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Less than half of 1,000 procurement and accounting officers now cleared

By Cyrus Ombati | Published Wed, August 22nd 2018 at 00:00, Updated August 21st 2018 at 23:48 GMT +3
Government Spokesman Eric Kiraithe. He says that only 400 officers have been cleared. [File, Standard]

A majority of senior public officials who underwent vetting have not been cleared, suggesting there may be concerns about unexplained wealth.

Only 400 out of 1,000 procurement and accounting officers have been cleared and allowed to return to work after undergoing the lifestyle audit ordered by President Uhuru Kenyatta in the war against corruption.

“As of today, 400 have been cleared to return to work and resume their duties,” said Government Spokesman Eric Kiraithe on Monday.

He added the fresh vetting for the first group of officers is about to be concluded as some factors saw the timelines extended beyond the anticipated period.

“The next cohort of officers has been identified and will shortly receive the requisite details. Those who will not have been cleared to return to office will be processed in line with existing law, human resource guidelines and within tenets of the Fair Administrative Action Act.”

The announcement came after two months of vetting and lifestyle audit that is understood to have been escalated to all Government officials of higher cadre.

The entire exercise has been spearheaded by the National Intelligence Service (NIS) and a team headed by the Attorney General Paul Kihara.

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The affected public officers were instructed to submit their personal information including that of assets and liabilities to the Office of the Head of Public Service Joseph Kinyua a week after stepping aside.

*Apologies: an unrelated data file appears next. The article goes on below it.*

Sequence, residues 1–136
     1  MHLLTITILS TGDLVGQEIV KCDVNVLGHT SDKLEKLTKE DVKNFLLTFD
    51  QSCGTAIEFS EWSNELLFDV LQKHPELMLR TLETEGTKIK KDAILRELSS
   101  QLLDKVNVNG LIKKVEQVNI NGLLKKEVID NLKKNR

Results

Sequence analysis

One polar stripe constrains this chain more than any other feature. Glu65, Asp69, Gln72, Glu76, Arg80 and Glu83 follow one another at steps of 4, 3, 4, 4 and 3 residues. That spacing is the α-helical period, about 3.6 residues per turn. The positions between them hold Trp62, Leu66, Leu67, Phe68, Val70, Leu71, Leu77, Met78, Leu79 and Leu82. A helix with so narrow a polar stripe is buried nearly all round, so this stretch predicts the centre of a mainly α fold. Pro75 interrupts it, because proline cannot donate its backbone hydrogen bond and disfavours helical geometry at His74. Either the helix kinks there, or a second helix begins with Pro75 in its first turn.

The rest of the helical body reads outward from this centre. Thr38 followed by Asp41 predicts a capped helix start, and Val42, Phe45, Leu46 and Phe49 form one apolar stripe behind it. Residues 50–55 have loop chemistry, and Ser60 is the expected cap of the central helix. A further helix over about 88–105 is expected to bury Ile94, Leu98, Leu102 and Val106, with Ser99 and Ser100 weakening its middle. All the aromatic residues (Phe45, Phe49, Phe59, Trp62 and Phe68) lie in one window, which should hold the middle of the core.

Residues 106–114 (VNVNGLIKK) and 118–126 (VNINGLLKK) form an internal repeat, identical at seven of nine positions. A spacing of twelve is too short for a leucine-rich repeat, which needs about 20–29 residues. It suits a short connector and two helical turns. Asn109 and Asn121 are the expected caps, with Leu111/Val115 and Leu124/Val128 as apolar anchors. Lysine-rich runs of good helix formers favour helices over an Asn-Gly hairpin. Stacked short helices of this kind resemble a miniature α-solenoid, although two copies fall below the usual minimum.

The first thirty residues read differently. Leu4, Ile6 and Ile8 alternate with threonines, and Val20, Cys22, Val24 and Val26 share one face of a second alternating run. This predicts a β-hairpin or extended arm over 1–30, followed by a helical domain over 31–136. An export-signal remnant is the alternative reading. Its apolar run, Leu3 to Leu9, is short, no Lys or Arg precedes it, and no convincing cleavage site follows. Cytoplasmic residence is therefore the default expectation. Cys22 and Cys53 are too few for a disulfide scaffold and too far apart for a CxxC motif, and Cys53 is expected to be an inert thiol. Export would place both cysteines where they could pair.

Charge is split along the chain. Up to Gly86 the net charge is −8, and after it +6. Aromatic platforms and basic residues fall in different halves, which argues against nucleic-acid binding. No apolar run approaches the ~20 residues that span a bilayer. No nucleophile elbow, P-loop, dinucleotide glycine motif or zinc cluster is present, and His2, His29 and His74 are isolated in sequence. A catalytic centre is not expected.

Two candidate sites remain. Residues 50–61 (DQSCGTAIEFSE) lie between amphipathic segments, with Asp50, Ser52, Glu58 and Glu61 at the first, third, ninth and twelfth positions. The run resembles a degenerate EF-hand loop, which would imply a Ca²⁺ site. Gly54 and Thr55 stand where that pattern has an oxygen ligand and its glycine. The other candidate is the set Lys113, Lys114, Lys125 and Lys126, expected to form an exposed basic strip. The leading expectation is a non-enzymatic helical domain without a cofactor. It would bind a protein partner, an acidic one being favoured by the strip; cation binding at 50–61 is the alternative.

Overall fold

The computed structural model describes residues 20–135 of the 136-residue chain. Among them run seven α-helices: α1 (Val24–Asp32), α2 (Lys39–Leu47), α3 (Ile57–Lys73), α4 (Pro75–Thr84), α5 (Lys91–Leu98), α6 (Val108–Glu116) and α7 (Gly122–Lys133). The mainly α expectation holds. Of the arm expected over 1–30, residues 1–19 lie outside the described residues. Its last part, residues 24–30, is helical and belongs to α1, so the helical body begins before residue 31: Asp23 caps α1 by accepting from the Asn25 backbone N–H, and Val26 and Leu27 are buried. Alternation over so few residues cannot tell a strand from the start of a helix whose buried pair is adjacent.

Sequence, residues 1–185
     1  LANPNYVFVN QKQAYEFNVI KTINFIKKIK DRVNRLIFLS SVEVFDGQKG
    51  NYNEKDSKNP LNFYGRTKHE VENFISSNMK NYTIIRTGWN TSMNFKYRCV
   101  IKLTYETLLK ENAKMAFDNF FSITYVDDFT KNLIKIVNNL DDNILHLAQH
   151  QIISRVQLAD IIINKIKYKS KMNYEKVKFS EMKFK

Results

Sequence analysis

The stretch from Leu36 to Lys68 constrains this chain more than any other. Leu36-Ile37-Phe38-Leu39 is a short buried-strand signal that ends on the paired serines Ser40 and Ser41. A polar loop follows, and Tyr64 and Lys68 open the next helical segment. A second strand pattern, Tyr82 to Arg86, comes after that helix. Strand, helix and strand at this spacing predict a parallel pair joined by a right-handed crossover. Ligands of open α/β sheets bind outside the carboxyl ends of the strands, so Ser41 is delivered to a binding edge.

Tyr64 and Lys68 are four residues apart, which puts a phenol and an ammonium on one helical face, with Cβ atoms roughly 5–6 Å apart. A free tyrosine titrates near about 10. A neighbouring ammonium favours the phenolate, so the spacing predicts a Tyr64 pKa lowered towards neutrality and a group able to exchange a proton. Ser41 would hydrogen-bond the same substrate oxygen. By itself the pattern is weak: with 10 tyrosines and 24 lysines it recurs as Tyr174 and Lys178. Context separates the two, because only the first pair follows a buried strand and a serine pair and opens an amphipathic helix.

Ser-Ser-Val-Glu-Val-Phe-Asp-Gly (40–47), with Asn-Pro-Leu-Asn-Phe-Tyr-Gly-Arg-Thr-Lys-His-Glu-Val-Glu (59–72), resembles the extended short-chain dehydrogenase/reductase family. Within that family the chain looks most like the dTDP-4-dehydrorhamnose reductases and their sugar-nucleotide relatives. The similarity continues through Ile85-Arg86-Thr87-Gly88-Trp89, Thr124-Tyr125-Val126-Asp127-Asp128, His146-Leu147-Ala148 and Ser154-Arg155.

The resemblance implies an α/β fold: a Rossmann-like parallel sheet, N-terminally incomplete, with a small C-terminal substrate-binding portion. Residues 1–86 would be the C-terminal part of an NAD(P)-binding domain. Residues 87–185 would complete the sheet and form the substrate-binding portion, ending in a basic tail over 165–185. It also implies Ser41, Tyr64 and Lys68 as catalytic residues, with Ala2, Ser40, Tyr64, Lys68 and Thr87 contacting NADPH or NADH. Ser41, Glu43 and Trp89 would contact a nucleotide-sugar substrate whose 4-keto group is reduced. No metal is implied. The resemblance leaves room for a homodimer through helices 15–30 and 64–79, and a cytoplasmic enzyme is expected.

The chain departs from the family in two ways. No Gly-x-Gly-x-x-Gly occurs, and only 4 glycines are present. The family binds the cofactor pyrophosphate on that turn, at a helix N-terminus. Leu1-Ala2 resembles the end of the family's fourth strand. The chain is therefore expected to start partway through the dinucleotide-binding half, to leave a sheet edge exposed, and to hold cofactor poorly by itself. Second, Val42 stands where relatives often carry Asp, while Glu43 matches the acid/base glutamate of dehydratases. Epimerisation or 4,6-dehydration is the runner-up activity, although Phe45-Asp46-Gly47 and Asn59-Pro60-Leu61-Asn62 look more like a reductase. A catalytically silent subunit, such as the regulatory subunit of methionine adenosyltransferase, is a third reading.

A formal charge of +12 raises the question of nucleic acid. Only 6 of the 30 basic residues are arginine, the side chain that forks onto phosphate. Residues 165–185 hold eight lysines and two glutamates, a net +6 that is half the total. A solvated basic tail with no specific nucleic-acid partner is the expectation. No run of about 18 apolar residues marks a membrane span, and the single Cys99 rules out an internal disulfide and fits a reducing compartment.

Last week, Kinyua disclosed that nearly a third of the public servants have failed to account for their wealth in the ongoing lifestyle audit exercise.

Kinyua said the exercise was meant to determine the suitability of the affected officers to continue holding public office in the public trust and promote confidence in the public service.

Effort to block the vetting through court was thwarted by the Government through Solicitor General Kennedy Ogeto and Interior Principal Secretary Kibicho Karanja.

Among the documents sought from the civil servants being vetted included full names, KRA PIN, ID card number, passport number, email address, and mobile phone number.

The officers were also required to submit certified copies of mobile money statements, including that for their spouse, for the last six months as well as driving license number, personal Income Tax Returns and those for the companies or businesses they own for the past three years.

Other information being sought includes social media accounts, club memberships, and a list of their liabilities.

 


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